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ABSTRACT: Although there are many clinical programs designed to bring humor into pediatric hospitals, there has been very little research with children or adolescents concerning the specific utility of humor for children undergoing stressful or painful procedures. Rx Laughter, a non-profit organization interested in the use of humor for healing, collaborated with UCLA to collect preliminary data on a sample of 18 children aged 7-16 years. Participants watched humorous video-tapes before, during and after a standardized pain task that involved placing a hand in cold water. Pain appraisal (ratings of pain severity) and pain tolerance (submersion time) were recorded and examined in relation to humor indicators (number of laughs/smiles during each video and child ratings of how funny the video was). Whereas humor indicators were not significantly associated with pain appraisal or tolerance, the group demonstrated significantly greater pain tolerance while viewing funny videos than when viewing the videos immediately before or after the cold-water task. The results suggest that humorous distraction is useful to help children and adolescents tolerate painful procedures. Further study is indicated to explore the specific mechanism of this benefit.Evidence-based Complementary and Alternative Medicine 11/2007; 6(2):271-6. · 1.72 Impact Factor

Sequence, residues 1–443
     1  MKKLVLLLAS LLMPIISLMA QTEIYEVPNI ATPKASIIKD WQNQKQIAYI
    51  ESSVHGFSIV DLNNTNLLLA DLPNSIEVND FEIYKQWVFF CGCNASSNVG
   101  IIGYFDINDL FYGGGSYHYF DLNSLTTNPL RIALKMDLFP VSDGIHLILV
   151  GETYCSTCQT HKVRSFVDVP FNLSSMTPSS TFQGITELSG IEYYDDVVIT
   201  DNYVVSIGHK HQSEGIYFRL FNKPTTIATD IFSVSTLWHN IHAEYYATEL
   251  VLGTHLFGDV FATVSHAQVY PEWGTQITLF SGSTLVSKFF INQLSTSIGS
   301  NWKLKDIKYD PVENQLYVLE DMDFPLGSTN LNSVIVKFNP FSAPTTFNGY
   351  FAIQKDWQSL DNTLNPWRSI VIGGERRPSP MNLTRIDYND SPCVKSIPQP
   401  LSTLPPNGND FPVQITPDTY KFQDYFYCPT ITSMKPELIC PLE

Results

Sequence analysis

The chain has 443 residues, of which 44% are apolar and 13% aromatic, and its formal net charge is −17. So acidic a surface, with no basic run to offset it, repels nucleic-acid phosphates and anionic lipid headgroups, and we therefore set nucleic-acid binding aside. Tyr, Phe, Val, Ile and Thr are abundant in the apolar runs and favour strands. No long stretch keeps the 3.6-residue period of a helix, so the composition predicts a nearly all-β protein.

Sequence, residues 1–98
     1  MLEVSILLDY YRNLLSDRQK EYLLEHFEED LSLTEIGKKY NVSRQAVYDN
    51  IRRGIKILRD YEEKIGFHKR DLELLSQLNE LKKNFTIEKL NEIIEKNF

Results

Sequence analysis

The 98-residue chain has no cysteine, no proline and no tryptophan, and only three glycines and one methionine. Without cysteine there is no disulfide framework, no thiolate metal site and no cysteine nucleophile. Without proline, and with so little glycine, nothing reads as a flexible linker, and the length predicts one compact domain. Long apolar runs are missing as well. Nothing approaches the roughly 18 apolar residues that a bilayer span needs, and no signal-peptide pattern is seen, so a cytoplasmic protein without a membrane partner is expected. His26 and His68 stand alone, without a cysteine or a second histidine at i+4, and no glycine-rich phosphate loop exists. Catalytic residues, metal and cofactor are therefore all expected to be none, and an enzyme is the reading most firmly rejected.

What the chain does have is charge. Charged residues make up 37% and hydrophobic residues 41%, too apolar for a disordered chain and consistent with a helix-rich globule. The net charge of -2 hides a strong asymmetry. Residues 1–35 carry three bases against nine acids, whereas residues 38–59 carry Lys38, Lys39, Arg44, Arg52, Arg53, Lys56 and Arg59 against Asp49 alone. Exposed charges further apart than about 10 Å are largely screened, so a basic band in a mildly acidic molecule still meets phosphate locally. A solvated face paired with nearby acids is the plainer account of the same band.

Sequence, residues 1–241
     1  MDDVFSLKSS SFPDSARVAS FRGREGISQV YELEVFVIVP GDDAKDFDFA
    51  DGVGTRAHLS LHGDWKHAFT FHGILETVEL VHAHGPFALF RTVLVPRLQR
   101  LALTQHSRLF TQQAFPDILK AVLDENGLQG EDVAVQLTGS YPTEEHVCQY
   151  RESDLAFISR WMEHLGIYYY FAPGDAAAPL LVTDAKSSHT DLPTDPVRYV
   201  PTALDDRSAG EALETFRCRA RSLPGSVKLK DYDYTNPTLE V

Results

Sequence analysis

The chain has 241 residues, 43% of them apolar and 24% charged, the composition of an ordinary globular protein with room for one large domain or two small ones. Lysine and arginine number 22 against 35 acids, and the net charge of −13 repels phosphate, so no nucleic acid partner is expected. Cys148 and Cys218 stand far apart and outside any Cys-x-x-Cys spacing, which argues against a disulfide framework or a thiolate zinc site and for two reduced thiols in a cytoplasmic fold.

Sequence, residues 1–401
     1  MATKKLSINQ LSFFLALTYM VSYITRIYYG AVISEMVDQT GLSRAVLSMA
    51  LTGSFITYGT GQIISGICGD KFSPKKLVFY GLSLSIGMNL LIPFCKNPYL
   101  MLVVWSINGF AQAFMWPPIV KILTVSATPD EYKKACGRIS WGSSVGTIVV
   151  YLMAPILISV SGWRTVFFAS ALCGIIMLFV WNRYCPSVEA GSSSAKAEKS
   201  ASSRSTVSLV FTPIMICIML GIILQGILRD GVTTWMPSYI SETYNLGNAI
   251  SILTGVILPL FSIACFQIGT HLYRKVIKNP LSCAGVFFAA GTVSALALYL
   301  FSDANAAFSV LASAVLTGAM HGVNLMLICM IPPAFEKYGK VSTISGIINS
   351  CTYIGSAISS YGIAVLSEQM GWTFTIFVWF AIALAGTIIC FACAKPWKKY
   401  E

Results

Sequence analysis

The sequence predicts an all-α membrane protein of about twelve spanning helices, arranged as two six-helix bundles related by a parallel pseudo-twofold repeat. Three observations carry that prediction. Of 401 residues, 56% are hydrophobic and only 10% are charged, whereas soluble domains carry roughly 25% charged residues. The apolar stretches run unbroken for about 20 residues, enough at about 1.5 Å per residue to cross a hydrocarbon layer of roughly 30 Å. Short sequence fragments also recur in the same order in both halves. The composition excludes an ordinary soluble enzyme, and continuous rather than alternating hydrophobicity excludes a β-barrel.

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ABSTRACT: A number of personal and familial stressors are supposedly stressful. However, their individual impacts on the person’s sense of belonging remain largely uncharted. The study thereby examines the impacts of the stressors in general and in relation to personal and familial background characteristics. Such examination adheres to the perspective of resource theory, which envisions that resources are salutary and relieving the stress of stressors by compensating for resource loss. A survey of 1,200 residents in Taiwan provided data for the examination. Results revealed that work-to-family conflict and family disbanding were two stressors weakening sense of belonging. Furthermore, the former stressor was more stressful to people of higher social class, whereas the latter stressor was more stressful to people with higher family income but lower education. The results imply certain ways to employ resources properly to tackle the stress of stressors.Social Indicators Research 01/2013; 113(1). · 1.26 Impact Factor